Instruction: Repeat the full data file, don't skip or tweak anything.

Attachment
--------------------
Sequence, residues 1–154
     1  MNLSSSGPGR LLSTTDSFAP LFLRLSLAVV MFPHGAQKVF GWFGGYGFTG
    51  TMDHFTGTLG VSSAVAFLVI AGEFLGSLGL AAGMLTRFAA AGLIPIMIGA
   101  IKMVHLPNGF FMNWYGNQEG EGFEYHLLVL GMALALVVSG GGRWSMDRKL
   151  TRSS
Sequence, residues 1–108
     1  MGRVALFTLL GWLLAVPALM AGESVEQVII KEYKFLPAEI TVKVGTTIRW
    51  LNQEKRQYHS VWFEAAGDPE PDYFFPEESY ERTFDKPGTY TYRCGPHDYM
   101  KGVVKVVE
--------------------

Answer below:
Sequence, residues 1–154
     1  MNLSSSGPGR LLSTTDSFAP LFLRLSLAVV MFPHGAQKVF GWFGGYGFTG
    51  TMDHFTGTLG VSSAVAFLVI AGEFLGSLGL AAGMLTRFAA AGLIPIMIGA
   101  IKMVHLPNGF FMNWYGNQEG EGFEYHLLVL GMALALVVSG GGRWSMDRKL
   151  TRSS
Sequence, residues 1–108
     1  MGRVALFTLL GWLLAVPALM AGESVEQVII KEYKFLPAEI TVKVGTTIRW
    51  LNQEKRQYHS VWFEAAGDPE PDYFFPEESY ERTFDKPGTY TYRCGPHDYM
   101  KGVVKVVE